My new year’s resolution for 2024 was “to live my best life… as a chronically depressed permanently disabled person.” I wanted to inject a “make the best of it” attitude onto my assessment of current reality.
However, when I tried to video record this message on this new year’s day, I choked up and couldn’t get the words out. So I salvaged the recording by freezing the last frame and overlaying it with the text of this spontaneously scripted replacement resolution:
“For 2024, I resolve to take myself less seriously and to find the humor in all my life stories.”
That’s my new year’s day short story. (skip to video below) If you’d like the longer story of how I came to this place in my life, read these following paragraphs, added in early January:
2024’s Message vs 2023’s Message
This year’s message may seem melodramatic, but last year’s message smoldered with raw emotional intensity. The way the messages changed from year to year reveal a body and a soul on a healing journey.
My new year’s day message for 2023 affirmed a positive transition of mindset from being “in pain every day” and “suicide” to being a beacon of “self-expression that resonates with what is true” while uplifting to everyone around me.
In other words, in 2023, I would transcend discouraging circumstances. I would let my creative self-expression sustain me through tough times. I would tell stories. Storytelling, sharing my stories (mainly through online publishing, like to this website) was to be my redemption.
Meanwhile, I worked obsessively at my health recovery, so that I could be functional and productive at least a few hours a day on my projects and activities of daily living.
2023’s Discouraging Medical Prognosis
By the middle of 2023, several doctors shared that my spinal injury “will never get better.” To the chagrin of most of my family and friends, I have never been a realistic person. My dad would always tell me, brusquely and with no small degree of disappointment, “You live in a fantasy world, boy,” and he was right. Ultimately, I had to admit I was deluding myself in not accepting my prognosis.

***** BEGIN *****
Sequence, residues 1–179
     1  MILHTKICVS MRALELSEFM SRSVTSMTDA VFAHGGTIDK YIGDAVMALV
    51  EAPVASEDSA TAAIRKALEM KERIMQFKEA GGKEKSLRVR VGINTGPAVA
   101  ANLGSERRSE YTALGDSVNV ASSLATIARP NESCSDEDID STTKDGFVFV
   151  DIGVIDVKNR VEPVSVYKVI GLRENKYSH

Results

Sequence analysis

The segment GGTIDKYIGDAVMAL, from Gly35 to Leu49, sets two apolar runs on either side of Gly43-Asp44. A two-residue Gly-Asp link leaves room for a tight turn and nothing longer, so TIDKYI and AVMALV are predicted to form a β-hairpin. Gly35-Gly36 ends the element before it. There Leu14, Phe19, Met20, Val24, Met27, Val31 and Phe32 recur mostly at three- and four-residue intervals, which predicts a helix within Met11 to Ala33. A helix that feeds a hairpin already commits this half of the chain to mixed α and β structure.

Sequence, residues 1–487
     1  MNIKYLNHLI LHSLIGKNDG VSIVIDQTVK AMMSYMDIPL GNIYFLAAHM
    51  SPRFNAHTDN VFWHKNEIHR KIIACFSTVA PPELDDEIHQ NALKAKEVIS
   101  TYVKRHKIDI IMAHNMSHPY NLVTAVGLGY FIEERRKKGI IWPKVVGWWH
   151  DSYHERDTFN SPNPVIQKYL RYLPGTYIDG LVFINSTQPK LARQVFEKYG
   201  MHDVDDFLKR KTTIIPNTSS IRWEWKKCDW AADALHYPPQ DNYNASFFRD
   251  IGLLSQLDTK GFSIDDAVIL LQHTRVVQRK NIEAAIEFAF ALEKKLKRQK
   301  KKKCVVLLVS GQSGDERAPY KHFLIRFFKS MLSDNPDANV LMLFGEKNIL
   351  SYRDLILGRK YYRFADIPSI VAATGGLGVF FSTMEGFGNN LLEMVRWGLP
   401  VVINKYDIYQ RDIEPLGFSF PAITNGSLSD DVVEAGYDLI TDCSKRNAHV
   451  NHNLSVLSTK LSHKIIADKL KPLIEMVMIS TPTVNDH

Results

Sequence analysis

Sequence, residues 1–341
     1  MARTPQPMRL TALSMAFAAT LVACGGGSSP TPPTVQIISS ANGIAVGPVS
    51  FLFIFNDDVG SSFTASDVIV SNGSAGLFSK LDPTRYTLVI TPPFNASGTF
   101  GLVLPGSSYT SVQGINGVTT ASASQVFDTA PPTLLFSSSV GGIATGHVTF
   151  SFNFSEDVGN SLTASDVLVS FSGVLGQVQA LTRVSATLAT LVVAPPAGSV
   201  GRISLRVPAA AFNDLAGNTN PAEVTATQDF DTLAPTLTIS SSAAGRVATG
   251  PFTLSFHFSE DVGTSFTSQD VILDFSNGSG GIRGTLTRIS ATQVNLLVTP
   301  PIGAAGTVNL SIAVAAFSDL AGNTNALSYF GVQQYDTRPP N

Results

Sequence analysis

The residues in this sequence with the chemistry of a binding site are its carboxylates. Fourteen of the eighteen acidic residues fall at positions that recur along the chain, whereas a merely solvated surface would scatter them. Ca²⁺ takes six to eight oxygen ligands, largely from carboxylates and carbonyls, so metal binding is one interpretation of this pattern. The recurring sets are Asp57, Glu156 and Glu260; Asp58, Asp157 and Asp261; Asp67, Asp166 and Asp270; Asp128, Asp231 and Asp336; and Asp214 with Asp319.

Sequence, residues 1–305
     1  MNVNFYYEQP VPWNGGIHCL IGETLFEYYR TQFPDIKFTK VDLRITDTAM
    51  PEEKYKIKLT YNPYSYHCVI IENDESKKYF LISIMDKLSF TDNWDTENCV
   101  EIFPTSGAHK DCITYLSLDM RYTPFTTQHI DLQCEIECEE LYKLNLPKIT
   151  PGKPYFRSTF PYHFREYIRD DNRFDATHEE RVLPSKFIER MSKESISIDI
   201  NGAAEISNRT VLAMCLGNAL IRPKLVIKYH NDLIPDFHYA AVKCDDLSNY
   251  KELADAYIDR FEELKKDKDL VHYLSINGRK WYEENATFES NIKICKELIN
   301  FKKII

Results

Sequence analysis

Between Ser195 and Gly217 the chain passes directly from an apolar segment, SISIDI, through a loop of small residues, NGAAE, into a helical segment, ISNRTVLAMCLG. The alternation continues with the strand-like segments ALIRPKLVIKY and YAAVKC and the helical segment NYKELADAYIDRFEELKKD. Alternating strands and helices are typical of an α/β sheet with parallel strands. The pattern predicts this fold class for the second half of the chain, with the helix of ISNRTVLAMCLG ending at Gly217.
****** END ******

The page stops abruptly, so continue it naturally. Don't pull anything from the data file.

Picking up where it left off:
By the fall of 2023, I reluctantly had to “adjust my expectations.” I lamented to my long-suffering brother (who has patiently listened to me sobbing for hours in the early years of my condition) that I had to surrender and give up on my dreams of how my life would be once my years of caregiving for mom were done.
Restarting My Life in 2021
Mom passed in November of 2020, leaving me mentally, physically, emotionally and spiritually broken. After six weeks of downtime, I was ready to start my new life in January 2021.
My brother, Nick, was a critical life-support person during those times, flying in to California from Arizona every two weeks to assist me. He helped me do shopping, cleaning and cooked these amazing meals that gave me both nutritional and emotional sustenance. We worked side-by-side to handle the many administrative details when a parent passes.
Ignoring My Injury in 2019
When I hurt my back in kickboxing class in May 2019, I figured it was just some muscle/tendon/joint injury and it would fix itself, just like every previous athletic injury had. I had “electric current” sensations, like when you hit your funny bone, but I had them through my whole sacroiliac area when I sat in certain positions, so I just didn’t sit in those positions.
I was in my second year of caring for mom 24/7 and I would not take time off to see a doctor for four months. By the time I saw my doctor, I had self-diagnosed that I had piriformis syndrome (which can be fixed with exercise and stretching) and my doctor, after a quick physical palpation, concurred. I can fix myself after mom passes, I thought.
Fast forward through another year and a half of increasing physical debilitation and persistent pain and by January 2021, with mom gone, I was ready and eager to get started with those recovery exercises and stretches. I did the exercises for months. However, they were almost always excruciating and ultimately didn’t diminish the pain.
OK, This Is Serious in 2021
I went to a new doctor and several specialists and, long story short, my X-rays and MRI results diagnosed “severe” impingement of nerves going to my lower body and a few other agony-inducing conditions.